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Posted on April 2, 2020 (5780) By Rabbi Naftali Reich | Series: | Level:

Not everyone has the privilege of saying “thank you” to the Creator by bringing a thanksgiving offering to the Holy Temple. The Talmud tells us that only people who were recently delivered from extreme danger – an ocean voyage, a desert journey, a serious illness, a term of imprisonment – can bring this special sacrifice. Why is this so? Why can’t we express our gratitude for other momentous occasions in our lives by bringing this selfsame thanksgiving offering?

Furthermore, we find an anomaly in the laws of this sacrifice. The thanksgiving offering falls into the general category of shelamim, peace offerings. However, we read in this week’s Torah portion that there is less time allowed for eating the meat of the sacrifice. The peace offering can be eaten for two days, but the thanksgiving offering for only one day. Why does the Torah reduce the eating time of this sacrifice?

The answers to these questions are rooted in the fundamental concepts of the sacrificial service. The purpose of the sacrifices is to foster closeness between the Creator and ourselves. When we bring a sacrifice to the altar we are symbolically offering ourselves up to Him, subsuming our hearts, our minds, our souls, our very lives in the universal embrace of the Divine Presence. Eating the meat of the sacrifice, the Talmud explains, is an extension of the sacrificial service. Through the act of ingesting the sanctified meat, we connect to the transcendent concepts and symbolism of the sacrifice not only through our intellectual and emotional faculties but through our purely physical ones as well. In this way, the experience becomes total and the connection is absolute.

When we bring a thanksgiving offering, we take advantage of moments of outstanding inspiration to forge a closer relationship with our Creator. Life is full of little inspirations and numerous opportunities to express our gratitude to Hashem. Most of these, however, do not move us to our core, and therefore, they are not powerful enough to warrant a sacrifice. But when a person is reprieved after staring death in the face, he is totally energized and exhilarated, and the words of thanksgiving and joy he directs heavenward emanate from the essence of his being. This sort of inspiration can be brought to the Temple and presented to Hashem in the form of a thanksgiving sacrifice. This sort of inspiration can be channeled to foster an everlasting closeness.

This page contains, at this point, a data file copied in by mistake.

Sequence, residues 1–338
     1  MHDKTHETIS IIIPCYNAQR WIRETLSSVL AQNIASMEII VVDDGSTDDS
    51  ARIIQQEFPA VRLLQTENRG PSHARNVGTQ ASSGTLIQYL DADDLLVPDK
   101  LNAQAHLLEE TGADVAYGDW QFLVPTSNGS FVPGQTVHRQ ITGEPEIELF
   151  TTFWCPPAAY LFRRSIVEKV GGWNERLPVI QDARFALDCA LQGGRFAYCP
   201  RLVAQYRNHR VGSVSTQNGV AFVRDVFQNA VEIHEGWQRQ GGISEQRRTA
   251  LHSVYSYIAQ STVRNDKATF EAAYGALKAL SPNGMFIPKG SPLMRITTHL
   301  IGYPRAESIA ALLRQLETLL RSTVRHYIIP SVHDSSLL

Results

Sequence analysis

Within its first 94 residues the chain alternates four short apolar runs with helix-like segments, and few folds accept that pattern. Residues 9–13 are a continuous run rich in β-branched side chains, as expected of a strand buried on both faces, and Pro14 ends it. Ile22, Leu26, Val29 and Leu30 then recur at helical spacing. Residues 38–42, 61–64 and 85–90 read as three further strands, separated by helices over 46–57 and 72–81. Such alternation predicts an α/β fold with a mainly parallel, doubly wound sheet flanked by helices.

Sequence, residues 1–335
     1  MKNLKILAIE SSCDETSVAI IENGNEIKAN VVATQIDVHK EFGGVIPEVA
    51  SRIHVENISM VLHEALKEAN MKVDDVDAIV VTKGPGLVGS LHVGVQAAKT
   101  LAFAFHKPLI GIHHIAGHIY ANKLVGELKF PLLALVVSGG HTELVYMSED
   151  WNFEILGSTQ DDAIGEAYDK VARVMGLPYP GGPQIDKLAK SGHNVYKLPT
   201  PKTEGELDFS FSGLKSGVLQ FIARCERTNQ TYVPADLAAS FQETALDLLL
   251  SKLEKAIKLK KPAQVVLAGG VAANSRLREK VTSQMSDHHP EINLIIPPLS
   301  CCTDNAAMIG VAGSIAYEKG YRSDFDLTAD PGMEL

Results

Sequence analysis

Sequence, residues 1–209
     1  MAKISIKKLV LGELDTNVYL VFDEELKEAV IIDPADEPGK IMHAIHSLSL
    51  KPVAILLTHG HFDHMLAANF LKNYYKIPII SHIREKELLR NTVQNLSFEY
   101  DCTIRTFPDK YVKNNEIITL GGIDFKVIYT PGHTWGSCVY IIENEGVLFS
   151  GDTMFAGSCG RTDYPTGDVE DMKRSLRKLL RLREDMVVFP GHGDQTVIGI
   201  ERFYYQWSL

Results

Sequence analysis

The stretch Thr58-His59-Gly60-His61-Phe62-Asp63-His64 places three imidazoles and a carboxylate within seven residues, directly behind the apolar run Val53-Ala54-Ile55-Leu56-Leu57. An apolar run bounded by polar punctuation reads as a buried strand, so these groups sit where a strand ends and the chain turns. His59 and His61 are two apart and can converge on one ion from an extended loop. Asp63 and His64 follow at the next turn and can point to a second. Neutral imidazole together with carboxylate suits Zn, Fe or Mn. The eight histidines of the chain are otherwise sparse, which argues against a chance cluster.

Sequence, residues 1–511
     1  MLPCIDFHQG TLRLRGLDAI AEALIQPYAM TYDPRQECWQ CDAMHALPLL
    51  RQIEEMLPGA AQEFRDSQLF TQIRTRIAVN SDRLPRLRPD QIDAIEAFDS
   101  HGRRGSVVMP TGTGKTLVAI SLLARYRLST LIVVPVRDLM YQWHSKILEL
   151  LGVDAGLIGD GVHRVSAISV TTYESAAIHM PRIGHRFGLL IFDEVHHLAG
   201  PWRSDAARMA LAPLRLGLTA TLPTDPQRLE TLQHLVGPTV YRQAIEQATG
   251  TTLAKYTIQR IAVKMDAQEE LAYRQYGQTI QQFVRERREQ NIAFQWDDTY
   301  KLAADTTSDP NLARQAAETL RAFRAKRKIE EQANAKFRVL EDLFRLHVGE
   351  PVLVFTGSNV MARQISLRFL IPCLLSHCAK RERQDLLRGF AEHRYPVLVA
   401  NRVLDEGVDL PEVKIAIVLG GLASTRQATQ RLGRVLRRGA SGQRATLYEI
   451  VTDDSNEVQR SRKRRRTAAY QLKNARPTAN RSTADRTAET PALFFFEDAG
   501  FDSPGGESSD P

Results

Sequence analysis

But inspiration is an ephemeral thing. Like a flash of lightning, it illuminates our surroundings in painfully sharp clarity and then is gone, leaving only a memory that slowly fades away. During that moment, we gain a totally different and highly vivid perspective of what is important and what is trivial. During that moment, we have the ability to find new direction and meaning for our daily existence. Later, it is too late. Therefore, the Torah limits the time period for eating the thanksgiving offering. Grasp the moment! If we wait, it will be gone.

A high-level royal minister was deeply involved in a national crisis situation. During this time, while the king and his ministers conferred daily to discuss developments, the king’s birthday came and went without the customary celebration. The crisis eventually passed, and the conduct of government affairs returned to normal. Shortly thereafter, the minister purchased a beautiful birthday gift and sent it to the king.

A few weeks later, the king and his minister were discussing the crisis and what could be done to prevent future recurrences.

“We can’t afford to go through something like this again,” said the king with a wry smile. “Do you realize that I didn’t even receive any birthday gifts this years because of the crisis?”

“Your majesty, have you forgotten?” the minister protested. “I sent you a very beautiful gift. Didn’t you receive it?”

“Indeed, I did,” said the king. “And I thank you. Had you given it to me on my birthday, I would have perceived it as an expression of your joyous celebration of such an important day in my life. But it was given several weeks later. It did not represent your sense of joy but rather your sense of obligation. Much as I appreciate it, I do not consider it a true birthday gift.”

In our own lives, we are often profoundly inspired during times of great joy or, Heaven forbid, great distress. On these occasions, we are inclined to take stock of our existence and resolve to make important changes, either to improve our relationship with our Creator, to correct our flaws and shortcomings or simply to spend more time with our families. When this happens, it is important to translate our inspiration into action immediately, for if we wait until we get around to it, more often than not we never will.

Text Copyright © 2010 by Rabbi Naftali Reich and

Rabbi Reich is on the faculty of the Ohr Somayach Tanenbaum Education Center.